Born and raised in South Florida and having experienced hurricanes there and on the North Carolina coast, the damage and destruction is immense.
When the storm ends, there is no time to waste before beginning the recovery.
According to NOAA, each one of these events is responsible for thousands of deaths as well as an average of 21 billion dollars in damage.
The SBP states that having the ability to quickly understand the extent of damage to individual homes enables a more rapid and equitable start to the recovery process, which can save millions - if not billions - of dollars in economic impact.
When the recovery begins, boots on the ground are deployed with a cell phone in hand. Rather than calling various organizations for unavailable utilities, down trees, flood damage, requiring multiple stakeholders, our submission (RECOVER-EASE) can handle all of the requests based on images of the damage - routing it to the proper place.
Getting a wholistic view of the damage is necessary to prioritize and optimize a comprehensive response.
What it does
Our system empowers anyone to document and triage what they are seeing with no prior experience or expertise. We predict who is responsible for the recovery based on an image. This, enables a plumber to help route the utility company to prioritize a downed line or a tree removal specialist to report a fire.
We convert a manual, time-intensive process into an instant, time-saving automated system.
1) We detect the damage in the image 2) We grab the user’s location 3) We predict the responder based on the image: Fire, Structural, Flood, DownTree, ElectricUtility
Anyone can document and report an issue with a single tap and the system triages the content and routes it to the most appropriate responder.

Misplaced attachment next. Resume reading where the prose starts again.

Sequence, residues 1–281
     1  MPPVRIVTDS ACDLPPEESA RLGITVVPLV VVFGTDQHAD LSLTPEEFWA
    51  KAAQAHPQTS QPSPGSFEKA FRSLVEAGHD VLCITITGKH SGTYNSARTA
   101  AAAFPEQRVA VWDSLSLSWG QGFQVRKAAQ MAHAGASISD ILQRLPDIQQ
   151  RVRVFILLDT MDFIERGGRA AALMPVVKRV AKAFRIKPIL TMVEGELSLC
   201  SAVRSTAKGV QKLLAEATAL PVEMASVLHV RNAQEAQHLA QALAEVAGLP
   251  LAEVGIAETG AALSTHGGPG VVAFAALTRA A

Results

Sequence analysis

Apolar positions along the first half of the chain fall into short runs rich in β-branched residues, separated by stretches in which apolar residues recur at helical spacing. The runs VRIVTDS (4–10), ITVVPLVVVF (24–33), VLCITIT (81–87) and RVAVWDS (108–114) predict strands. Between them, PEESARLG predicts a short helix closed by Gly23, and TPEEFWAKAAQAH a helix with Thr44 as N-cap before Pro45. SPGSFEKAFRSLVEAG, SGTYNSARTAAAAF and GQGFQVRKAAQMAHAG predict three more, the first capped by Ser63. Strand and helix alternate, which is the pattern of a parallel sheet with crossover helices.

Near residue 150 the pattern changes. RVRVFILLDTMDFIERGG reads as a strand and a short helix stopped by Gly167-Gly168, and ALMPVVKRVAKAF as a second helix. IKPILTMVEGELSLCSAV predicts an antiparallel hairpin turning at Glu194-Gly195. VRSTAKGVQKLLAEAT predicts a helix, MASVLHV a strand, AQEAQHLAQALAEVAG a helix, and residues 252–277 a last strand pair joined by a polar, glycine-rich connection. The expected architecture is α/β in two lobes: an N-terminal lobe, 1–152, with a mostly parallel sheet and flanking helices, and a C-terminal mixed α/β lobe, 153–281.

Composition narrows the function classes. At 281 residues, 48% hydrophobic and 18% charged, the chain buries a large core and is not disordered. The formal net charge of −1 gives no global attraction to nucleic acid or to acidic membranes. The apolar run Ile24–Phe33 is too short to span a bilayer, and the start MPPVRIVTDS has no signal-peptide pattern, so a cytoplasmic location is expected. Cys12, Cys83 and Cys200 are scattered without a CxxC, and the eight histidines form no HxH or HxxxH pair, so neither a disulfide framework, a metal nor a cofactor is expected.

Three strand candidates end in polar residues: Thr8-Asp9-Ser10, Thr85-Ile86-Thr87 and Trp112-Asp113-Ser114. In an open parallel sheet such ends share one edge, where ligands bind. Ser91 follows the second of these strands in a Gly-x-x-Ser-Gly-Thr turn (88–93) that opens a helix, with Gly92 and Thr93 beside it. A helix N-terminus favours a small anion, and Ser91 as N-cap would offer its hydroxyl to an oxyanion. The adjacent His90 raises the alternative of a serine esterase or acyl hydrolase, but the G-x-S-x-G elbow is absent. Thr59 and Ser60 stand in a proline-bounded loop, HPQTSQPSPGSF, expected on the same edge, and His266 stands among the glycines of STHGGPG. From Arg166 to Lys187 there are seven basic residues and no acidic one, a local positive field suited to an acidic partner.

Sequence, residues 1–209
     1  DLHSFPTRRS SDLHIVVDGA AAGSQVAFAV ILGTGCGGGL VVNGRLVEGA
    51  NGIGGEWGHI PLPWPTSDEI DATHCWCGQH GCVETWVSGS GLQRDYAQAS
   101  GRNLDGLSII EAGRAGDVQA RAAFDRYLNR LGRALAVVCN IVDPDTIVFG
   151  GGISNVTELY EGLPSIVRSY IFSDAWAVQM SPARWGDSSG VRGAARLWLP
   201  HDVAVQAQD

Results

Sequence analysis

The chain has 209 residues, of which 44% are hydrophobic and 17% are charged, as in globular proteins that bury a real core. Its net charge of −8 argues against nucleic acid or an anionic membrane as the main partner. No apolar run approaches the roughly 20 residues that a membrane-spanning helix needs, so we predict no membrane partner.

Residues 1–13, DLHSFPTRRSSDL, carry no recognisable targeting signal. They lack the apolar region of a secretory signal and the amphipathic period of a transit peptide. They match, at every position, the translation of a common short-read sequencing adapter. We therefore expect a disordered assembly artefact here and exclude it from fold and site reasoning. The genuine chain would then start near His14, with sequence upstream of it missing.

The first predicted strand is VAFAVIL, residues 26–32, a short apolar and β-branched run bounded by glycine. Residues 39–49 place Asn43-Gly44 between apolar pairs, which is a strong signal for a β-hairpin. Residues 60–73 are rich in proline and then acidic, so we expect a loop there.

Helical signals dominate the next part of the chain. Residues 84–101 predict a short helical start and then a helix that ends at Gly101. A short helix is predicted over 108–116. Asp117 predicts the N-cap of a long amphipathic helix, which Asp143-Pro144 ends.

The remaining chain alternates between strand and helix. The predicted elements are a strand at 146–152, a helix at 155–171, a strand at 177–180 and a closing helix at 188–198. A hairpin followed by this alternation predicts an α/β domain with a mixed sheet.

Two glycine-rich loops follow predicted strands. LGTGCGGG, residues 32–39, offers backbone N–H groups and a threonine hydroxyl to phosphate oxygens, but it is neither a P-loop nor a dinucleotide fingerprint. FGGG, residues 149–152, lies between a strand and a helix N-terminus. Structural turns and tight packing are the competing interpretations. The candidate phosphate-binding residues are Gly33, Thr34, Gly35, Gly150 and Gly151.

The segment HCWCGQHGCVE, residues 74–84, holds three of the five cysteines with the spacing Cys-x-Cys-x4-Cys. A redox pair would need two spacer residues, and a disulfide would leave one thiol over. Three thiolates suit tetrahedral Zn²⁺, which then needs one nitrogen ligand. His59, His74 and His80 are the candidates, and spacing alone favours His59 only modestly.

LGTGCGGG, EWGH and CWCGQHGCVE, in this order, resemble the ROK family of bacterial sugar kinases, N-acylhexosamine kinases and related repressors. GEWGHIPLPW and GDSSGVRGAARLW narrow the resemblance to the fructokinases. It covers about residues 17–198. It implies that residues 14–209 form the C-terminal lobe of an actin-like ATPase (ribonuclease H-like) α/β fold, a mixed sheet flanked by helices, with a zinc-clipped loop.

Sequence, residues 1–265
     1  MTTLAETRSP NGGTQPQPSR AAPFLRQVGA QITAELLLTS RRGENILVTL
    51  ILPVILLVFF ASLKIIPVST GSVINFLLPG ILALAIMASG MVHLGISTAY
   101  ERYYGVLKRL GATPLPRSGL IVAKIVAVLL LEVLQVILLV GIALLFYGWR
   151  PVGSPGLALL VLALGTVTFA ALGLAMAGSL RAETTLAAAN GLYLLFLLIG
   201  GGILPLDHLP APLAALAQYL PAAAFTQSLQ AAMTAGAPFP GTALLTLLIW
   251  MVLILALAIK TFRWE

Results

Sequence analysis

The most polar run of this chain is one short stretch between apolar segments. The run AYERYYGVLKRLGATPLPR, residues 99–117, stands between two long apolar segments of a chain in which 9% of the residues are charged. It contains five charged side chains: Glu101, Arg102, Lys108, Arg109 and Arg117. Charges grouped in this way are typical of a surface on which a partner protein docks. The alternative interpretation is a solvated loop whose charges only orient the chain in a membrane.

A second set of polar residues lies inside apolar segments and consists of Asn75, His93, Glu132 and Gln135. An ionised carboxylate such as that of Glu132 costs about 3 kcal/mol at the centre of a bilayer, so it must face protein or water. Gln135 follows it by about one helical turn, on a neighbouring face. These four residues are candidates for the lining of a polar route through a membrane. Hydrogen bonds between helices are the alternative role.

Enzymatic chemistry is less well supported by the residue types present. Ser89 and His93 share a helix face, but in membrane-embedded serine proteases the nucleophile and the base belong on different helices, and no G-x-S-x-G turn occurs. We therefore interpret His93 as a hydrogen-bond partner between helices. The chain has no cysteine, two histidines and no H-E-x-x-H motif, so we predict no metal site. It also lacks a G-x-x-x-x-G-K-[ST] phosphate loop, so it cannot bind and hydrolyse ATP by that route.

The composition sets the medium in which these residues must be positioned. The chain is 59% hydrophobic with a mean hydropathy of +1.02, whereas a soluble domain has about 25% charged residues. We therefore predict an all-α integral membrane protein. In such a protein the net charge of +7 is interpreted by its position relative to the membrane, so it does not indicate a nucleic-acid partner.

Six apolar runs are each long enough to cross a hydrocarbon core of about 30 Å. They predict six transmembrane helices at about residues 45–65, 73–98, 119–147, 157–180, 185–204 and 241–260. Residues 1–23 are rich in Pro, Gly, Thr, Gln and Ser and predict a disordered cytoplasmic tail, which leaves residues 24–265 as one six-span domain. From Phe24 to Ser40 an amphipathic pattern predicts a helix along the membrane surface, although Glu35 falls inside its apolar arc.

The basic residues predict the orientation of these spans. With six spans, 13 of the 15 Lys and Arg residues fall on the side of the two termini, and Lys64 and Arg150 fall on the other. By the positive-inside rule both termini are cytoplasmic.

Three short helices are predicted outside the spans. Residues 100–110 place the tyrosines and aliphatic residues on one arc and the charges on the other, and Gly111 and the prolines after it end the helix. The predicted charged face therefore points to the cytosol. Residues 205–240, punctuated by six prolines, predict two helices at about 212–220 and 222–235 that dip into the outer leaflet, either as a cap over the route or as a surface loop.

How we built it
It was crucial for this to be accessible over web and not require additional apps or software to allow it to be used by the largest group of users without barriers. For that reason, a webapp was created which leverage native camera function - for instant field images - as well as allowing for uploads - from a laptop at the end of the day.
We started with the DenseNet-161 model and fine tuned it with training images that we found and labeled. Once we were happy with the prediction results and accuracy, we saved the model and deployed it to EC2 wrapped in a simple API that accepts images.
The EC2 instance pulls the model from an S3 bucket and can work independently of the UI. For example, testing was done via postman and it was work with the recover-ease UI or integrated into an existing front or backend.
Challenges we ran into
Finding and labeling the images was time consuming. We still have some issues with the model related to down tree and broken utility poles. Additional time and further tuning can improve this.
A picture is worth 1000 words and therefore find one use case was challenging. We initially started with rekognition and mapped pre-existing labels to the disaster recovery outputs we were looking for. That reached its' limitations as the number of images increased. Which led us to create 5 custom labels and train our own customer model with around 100 images of each category.